Helping seniors live with independence and dignity.
Social workers who specialize in aging help seniors and their families face the challenges of growing older. That could mean providing direct counseling, dealing with special health care needs, or even something as basic as better nutrition – whatever it takes to keep seniors living well and as independently as possible.
As the U.S. population ages, there will be a tremendous need and lots of opportunities for social workers choosing to specialize in helping seniors and their families. Learn more from these real stories of social workers in action.
Keeping families strong and making sure kids grow up healthy.
Do you enjoy working with children? Do you believe strong family relationships are important to an individual’s wellbeing? Then this area of social work may be for you.
Supporting families and ensuring the healthy development of children offers a wide range of career opportunities, including adoption, foster care, child protection, and family counseling. You could be working with teens or providing counseling to kids in an elementary school. Wherever a child or a family needs help – social workers are there. Discover more in these real life stories of social workers in action.
Managing the logistical, social and emotional aspects of health and wellness.
How do social workers help with health and wellbeing? We’re a part of many health care teams, working together with doctors, nurses and health professionals. You might find a social worker in a variety of settings – hospitals or hospice, managed care offices and clinics.
As a social worker in this field, you might help someone with cancer, find services for someone with disabilities, or help families live healthier – making sure that people get the physical and emotional support they need. Learn more from these real stories of social workers in action.
On the front lines of helping people cope with mental illness.
As the largest group of mental health providers in the U.S., social workers help people struggling with mental illness, addictions and emotional stress. These issues affect millions of Americans–and social workers are specially trained to help, providing therapy and direct services.
Social workers look at the whole person to determine the services needed. For example, a social worker might counsel a child suffering from depression and work with his teachers. Or she might help a person struggling with substance abuse and provide family therapy. Find out more from these real stories.
Helping people deal with life’s challenges.
As therapists, social workers provide one-on-one or group therapy to a wide variety of people in need – veterans, teenagers, soccer moms and seniors; anyone who needs our help. From depression to addiction, eating disorders to the stress of unemployment, we help people deal with a myriad of issues.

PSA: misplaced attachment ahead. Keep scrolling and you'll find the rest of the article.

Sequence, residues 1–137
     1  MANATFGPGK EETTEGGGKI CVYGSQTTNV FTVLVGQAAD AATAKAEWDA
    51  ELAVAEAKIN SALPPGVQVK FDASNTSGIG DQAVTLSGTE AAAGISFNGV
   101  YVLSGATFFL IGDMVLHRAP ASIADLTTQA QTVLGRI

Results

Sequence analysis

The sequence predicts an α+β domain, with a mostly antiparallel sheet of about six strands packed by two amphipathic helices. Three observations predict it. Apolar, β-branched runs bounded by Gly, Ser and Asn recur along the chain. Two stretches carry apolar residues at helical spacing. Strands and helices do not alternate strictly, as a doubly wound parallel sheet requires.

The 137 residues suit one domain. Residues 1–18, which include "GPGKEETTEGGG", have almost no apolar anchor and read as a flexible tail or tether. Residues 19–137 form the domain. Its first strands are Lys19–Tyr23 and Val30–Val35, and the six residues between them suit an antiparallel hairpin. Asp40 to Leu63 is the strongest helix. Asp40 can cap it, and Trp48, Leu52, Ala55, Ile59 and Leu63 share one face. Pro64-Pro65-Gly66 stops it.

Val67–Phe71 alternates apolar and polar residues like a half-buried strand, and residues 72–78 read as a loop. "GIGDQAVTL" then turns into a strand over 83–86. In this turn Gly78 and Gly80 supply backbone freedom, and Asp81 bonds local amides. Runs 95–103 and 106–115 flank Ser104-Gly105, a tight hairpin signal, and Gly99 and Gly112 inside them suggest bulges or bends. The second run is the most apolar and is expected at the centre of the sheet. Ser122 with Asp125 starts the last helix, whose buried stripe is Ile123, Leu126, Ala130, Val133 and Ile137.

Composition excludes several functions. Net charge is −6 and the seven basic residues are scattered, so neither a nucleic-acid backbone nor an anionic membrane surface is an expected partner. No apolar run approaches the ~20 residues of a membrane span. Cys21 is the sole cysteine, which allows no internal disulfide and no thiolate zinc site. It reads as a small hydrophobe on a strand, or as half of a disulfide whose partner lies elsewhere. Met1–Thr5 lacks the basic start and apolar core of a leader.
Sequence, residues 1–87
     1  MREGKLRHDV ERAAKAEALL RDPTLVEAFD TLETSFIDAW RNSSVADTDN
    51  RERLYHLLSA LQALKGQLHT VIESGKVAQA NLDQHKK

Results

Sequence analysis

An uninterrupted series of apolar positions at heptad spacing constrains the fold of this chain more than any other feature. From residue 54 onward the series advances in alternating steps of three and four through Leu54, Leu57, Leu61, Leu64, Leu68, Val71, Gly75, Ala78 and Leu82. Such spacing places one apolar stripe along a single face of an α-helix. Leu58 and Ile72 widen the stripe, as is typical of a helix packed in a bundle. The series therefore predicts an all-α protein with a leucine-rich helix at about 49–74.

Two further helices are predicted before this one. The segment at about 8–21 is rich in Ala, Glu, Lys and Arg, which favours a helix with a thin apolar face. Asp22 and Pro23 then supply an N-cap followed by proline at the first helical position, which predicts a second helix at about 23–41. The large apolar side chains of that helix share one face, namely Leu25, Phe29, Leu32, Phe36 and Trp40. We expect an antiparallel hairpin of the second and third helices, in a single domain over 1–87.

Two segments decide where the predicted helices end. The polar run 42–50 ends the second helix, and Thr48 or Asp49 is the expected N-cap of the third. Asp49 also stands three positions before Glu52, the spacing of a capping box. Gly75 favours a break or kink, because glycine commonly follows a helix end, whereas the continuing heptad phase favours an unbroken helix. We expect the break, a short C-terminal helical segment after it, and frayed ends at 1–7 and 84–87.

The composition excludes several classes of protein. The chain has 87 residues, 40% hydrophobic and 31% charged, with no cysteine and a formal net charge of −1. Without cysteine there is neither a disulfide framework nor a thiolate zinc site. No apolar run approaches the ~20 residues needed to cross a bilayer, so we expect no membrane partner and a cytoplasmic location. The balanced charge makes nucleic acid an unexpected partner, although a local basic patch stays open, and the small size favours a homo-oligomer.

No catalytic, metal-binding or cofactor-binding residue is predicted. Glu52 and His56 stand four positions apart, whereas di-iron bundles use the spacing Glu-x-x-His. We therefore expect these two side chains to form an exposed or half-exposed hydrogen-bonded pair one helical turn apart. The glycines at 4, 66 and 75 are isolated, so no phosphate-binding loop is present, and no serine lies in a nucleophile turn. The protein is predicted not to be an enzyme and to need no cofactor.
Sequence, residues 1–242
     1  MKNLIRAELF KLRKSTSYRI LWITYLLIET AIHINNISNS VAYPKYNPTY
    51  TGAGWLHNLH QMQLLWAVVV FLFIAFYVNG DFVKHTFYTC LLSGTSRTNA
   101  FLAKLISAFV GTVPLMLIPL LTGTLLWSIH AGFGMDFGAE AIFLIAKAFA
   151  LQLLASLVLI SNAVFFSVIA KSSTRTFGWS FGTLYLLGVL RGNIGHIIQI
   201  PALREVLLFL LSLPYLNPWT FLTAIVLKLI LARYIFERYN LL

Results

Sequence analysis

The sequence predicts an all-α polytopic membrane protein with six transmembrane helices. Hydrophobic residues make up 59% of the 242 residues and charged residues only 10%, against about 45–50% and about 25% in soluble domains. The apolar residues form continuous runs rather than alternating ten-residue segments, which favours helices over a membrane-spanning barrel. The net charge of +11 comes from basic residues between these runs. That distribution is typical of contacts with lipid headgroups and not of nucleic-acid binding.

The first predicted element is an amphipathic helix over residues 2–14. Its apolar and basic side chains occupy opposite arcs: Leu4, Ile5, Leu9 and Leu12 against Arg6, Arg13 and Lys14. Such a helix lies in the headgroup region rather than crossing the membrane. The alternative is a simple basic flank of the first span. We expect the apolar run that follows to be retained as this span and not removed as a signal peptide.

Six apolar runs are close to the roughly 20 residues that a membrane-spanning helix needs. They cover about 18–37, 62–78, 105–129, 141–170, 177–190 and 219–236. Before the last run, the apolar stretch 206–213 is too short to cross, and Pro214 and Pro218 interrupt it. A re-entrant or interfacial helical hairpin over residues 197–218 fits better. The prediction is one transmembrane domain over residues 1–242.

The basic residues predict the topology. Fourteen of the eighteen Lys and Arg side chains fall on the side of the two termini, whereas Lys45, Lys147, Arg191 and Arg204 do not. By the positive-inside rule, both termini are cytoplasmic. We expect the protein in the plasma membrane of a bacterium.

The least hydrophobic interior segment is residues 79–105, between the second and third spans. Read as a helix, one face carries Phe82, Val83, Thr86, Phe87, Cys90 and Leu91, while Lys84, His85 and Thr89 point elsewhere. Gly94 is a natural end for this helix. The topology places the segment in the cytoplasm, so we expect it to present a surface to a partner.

Social workers are trained to treat the person within their relationships – as a parent, spouse, employee and the friend – to help them better get back to living. Learn more from these real stories.
Expanding our base of knowledge about social services and the profession.
“Research is one of the most absorbing areas of our profession,” says one social worker about his choice of careers. “It’s a satisfying way to turn your intellectual curiosity into results.”
Researchers study virtually every facet of social work – from how well a program is working, to broader issues such as poverty or homelessness. They organize studies, analyze data, write articles and even testify at public hearings. Some choose to become educators, passing along their knowledge to further the profession and base of knowledge. Learn more from our real stories.
Helping to shape our laws and government programs.
This area of social work looks into larger social issues – such as homelessness, child abuse or racism – and works to improve our laws, policies and government programs. Social workers in this field might conduct research, study needs and propose legislation. They could build a coalition of groups, help create policy, lobby government officials or raise funds.
As one social worker said, “This is where I feel I can make the greatest difference for the most people.” Read these real stories for examples.
Putting the power of organizations to work for people.
Would you like to help a non-government organization respond to disasters or provide aid? Join a charitable organization to direct services and funds? Or work with employees in the private sector? Social work offers a chance to make a real difference in people’s lives on a daily basis, in offices and agencies across the country.
Human resources, employee assistance programs, non-profit agencies, philanthropic organizations: there are thousands of organizations in the United States that employ a social worker’s special expertise. Read our real life stories for more.
Providing vital services to those who serve America.
There are nearly 24 million veterans in the United States, and thousands of social workers provide support to help them and their families. As specialists in this area, we can assist with everything from housing and reintegration into the community, to coping with disabilities.
Social workers are also specially trained to help with the unique problems veterans face, such as post-traumatic stress disorder. Learn more from the stories below.
Empowering community members to improve their quality of life.
Community organizers help residents and families of different communities structure their resources to effect positive social change. We work with and develop new local leaders, galvanize grassroots support and develop reform campaigns. We deal with issues ranging from poverty and civil rights to environmental health.
As a result of our efforts, institutions and officials often deliver more effective strategies and services for people of all ages. Find out more from these real social work stories.